This past calendar year has seen highs and lows, moments that inspired hope, and some that made us want to despair. I was thinking recently about how challenging it can feel to see the good around us when I heard a beautiful quote from Rachel Held Evans’ book, Wholehearted Faith. She wrote:
"On the days when I believe, the sun streaks across these East Tennessee hills, showing me that green isn’t one color but a million. The infinite deep blue of the sky feels less like an endless void ready to swallow me whole than an open and generous invitation, beckoning all of us who are prone to wander."
When we believe — in ourselves, in one another, in possibilities — we actually see the world differently. That which can feel overwhelming can invite us to learn, to act, to experience the world in new ways.
Over these past few months (pre-Omicron) — whether in small meetings, visiting schools, celebrating milestones, or gathering for public Hanukkah candle lightings — I’ve been fortunate to reconnect in person with many of you and see firsthand the hope, resilience, and joy of our community. Being with you and experiencing these moments is why I love this work so much.
I am now halfway through my fourth year at CJP, and I continue to be inspired by the extraordinary people around me and by the diversity, strength, and vibrancy of our Greater Boston community. I see engagement with all forms of Jewish life, the pursuit of justice and care for those in need in our community and beyond, and strong relationships with Israel and Jewish People around the world. I see love of learning, joy in Jewish practice, and extraordinary professional and volunteer leadership at all levels of communal and organizational life. I also see in our community a beautiful combination of head and heart, a drive for excellence in service — not of individuals’ egos and agendas — but rather of the greater good.
Last week, we began the Book of Exodus, which features the famous scene of Moses and the burning bush. Moses was wandering through the wilderness when he saw a wonder of nature — a bush that was burning yet not being consumed. He slowed down, turned toward it, and saw something miraculous which, most likely, many others would have simply passed by. And then he heard God calling him to action and his life’s work.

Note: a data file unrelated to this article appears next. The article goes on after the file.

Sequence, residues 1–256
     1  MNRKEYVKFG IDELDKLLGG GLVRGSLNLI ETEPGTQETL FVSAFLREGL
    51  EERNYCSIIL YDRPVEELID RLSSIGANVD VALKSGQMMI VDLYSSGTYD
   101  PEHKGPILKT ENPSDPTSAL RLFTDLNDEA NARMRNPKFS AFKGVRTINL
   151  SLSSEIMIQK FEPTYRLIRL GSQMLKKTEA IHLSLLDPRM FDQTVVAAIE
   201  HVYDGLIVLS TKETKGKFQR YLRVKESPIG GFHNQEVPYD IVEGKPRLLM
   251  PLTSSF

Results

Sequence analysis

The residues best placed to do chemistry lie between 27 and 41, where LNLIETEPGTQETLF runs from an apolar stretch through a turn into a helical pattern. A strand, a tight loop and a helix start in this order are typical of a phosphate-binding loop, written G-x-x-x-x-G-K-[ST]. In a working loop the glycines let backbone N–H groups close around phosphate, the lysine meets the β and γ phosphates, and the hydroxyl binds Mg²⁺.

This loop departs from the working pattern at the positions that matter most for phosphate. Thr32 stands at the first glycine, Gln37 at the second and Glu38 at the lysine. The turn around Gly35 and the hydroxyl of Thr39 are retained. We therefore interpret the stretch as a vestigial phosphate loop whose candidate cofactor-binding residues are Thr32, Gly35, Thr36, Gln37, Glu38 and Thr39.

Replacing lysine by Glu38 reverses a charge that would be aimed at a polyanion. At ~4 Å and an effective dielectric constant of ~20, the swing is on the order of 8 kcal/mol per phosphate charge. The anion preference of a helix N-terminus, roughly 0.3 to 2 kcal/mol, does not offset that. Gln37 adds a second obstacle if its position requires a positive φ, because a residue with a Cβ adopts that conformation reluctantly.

Like Evans' quote, this story reminds us that seeing and believing are intimately connected. When we slow down enough to look, and when we believe that there is more to our world than meets the eye, our capacity to see is limitless.
We are striving to be a community where everyone sees, and everyone can be seen. These are the ethical and spiritual foundations of a compassionate, just, and vibrant community of belonging. That’s the kind of community I want to be part of and that I believe we’re creating together. Thank you.
Shabbat Shalom and I look forward to seeing you in 2022,
Rabbi Marc Baker
P.S. If you have seen the power of this community and the work that CJP does every day — thanks to your support and partnership — please consider making a year-end gift to our Annual Campaign. Every gift matters, and we could not do this work without you.
About the Author
CJP President and CEO Rabbi Marc Baker is an educator, writer, and leadership mentor who is devoting his life to Jewish learning and building Jewish communities.